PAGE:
Under California law, the elements of a claim for negligence are "(a) a legal duty to use due care; (b) a breach of such legal duty; and (c) the breach as the proximate or legal cause of the resulting injury." Ladd v. County of San Mateo, 12 Cal.4th 913, 917, 50 Cal.Rptr.2d 309, 911 P.2d 496 (1996) (internal citations and quotations omitted); see also Cal Civ Code § 1714(a). In general, "a financial institution owes no duty of care to a borrower when the institution's involvement in the loan transaction does not exceed the scope of its conventional role as a mere lender of money." Nymark v. Heart Fed. Savs. & Loan Ass'n, 231 Cal.App.3d 1089, 1096 (1991). "Liability to a borrower for negligence arises only when the lender actively participates' in the financed enterprise beyond the domain of the usual money lender.'" Id. (internal citation omitted). In Nymark, the court held a lender owed no duty of care to a borrower in preparing an appraisal of the real property security for the loan when the purpose of the appraisal is to protect the lender by satisfying it that the collateral provided adequate security for the loan. The court reached this holding by considering the six factors identified in Biakanja v. Irving, 49 Cal.2d 647, 649-50 (1958) to determine whether to recognize a duty of care: (1) the extent to which the transaction was intended to affect the plaintiff, (2) the foreseeability of harm to the plaintiff, (3) the degree of certainty that the plaintiff suffered injury, (4) the closeness of the connection between the defendant's conduct and the injury suffered, (5) the moral blame attached to the defendant's conduct, and (6) the policy of preventing future harm. Id. at 1092.

There is a split of authority in California state courts as to whether a lender owes a duty of care in processing a loan modification application. The California Court of Appeal held that there is no such duty in Lueras v. BAC Home Loans Servicing, 221 Cal.App.4th 49, 67 (2013) ("We conclude a loan modification is the renegotiation of loan terms, which falls squarely within the scope of a lending institution's conventional role as a lender of money.... The Biakanja factors do not support imposition of a common law duty to offer or approve a loan modification."). More recently, however, the appellate court found that there was a duty of care in processing a loan modification application. See Alvarez v. BAC Home Loans Servicing, 228 Cal.App.4th 941, 948 (2014) ("Here, because defendants allegedly agreed to consider modification of the plaintiffs' loans, the Biakanja factors clearly weigh in favor of a duty."). The Alvarez court reasoned:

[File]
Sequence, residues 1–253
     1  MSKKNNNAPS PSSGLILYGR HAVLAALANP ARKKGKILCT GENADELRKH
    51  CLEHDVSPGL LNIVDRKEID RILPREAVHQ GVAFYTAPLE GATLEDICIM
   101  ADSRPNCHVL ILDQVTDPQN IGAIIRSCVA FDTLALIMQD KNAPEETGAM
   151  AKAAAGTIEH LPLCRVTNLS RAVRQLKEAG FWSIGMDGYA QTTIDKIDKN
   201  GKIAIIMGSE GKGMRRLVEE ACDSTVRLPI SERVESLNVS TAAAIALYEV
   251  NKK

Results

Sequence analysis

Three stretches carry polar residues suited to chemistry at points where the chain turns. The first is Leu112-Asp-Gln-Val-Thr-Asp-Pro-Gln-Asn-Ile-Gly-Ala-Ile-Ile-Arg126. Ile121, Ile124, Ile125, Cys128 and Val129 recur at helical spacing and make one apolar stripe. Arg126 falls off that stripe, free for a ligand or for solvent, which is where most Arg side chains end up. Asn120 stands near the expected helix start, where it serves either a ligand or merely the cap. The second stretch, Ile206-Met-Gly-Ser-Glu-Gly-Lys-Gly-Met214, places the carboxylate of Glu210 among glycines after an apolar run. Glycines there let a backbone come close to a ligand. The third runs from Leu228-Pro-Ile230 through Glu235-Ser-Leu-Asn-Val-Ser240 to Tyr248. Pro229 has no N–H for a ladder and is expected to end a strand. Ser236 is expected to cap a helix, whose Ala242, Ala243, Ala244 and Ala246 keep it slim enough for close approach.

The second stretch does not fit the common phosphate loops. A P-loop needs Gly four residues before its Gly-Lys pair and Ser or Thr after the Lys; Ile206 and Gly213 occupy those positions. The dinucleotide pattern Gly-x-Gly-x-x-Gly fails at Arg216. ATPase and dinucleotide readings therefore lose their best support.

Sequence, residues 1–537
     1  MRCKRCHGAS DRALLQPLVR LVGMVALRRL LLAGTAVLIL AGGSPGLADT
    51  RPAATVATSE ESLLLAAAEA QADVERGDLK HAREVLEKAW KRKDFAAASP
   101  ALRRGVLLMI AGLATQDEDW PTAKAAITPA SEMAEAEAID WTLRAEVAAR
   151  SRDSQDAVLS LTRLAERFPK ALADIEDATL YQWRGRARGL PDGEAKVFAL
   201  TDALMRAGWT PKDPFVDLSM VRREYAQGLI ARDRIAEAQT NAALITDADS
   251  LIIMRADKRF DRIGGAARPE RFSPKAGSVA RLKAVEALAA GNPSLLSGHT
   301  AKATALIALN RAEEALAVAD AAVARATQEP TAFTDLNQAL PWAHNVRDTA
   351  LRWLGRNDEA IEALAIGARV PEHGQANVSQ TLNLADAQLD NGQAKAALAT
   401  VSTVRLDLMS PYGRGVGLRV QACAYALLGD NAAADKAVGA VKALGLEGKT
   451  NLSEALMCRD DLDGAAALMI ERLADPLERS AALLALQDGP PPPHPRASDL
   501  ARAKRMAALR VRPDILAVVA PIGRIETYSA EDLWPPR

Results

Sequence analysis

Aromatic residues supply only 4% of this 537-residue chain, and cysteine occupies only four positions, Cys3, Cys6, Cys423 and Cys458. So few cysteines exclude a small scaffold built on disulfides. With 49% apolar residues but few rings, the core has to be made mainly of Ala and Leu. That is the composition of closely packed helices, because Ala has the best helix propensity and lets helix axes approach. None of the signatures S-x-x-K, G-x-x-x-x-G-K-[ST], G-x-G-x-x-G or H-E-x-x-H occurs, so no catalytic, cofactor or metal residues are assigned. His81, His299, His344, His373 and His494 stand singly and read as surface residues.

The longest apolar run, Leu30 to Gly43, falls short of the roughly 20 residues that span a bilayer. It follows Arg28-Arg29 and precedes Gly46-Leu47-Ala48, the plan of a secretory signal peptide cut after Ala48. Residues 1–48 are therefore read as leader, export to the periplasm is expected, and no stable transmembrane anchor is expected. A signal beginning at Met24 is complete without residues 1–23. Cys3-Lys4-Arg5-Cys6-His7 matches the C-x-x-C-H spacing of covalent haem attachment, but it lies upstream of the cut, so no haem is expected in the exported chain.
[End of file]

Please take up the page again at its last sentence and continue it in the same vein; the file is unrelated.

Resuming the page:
The transaction was intended to affect the plaintiffs and it was entirely foreseeable that failing to timely and carefully process the loan modification applications could result in significant harm to the applicants. Plaintiffs allege that the mishandling of their applications "caus[ed] them to lose title to their home, deterrence from seeking other remedies to address their default and/or unaffordable mortgage payments, damage to their credit, additional income tax liability, costs and expenses incurred to prevent or fight foreclosure, and other damages." As stated in Garcia, "Although there was no guarantee the modification would be granted had the loan been properly processed, the mishandling of the documents deprived Plaintiff of the possibility of obtaining the requested relief." (Garcia, supra, 2010 WL 1881098, p. *3, 2010 U.S. Dist. Lexis 45375, p. *9.) Should plaintiffs fail to prove that they would have obtained a loan modification absent defendants' negligence, damages will be affected accordingly, but not necessarily eliminated.
With respect to whether defendants' conduct was blameworthy-the fifth Biakanja factor-it is highly relevant that the borrowers "ability to protect his own interests in the loan modification process [is] practically nil" and the bank holds "all the cards." (Jolley, supra, 213 Cal.App.4th at p. 900, 153 Cal.Rptr.3d 546.)....
The borrower's lack of bargaining power coupled with conflicts of interest that exist in the modern loan servicing industry provide a moral imperative that those with the controlling hand be required to exercise reasonable care in their dealings with borrowers seeking a loan modification....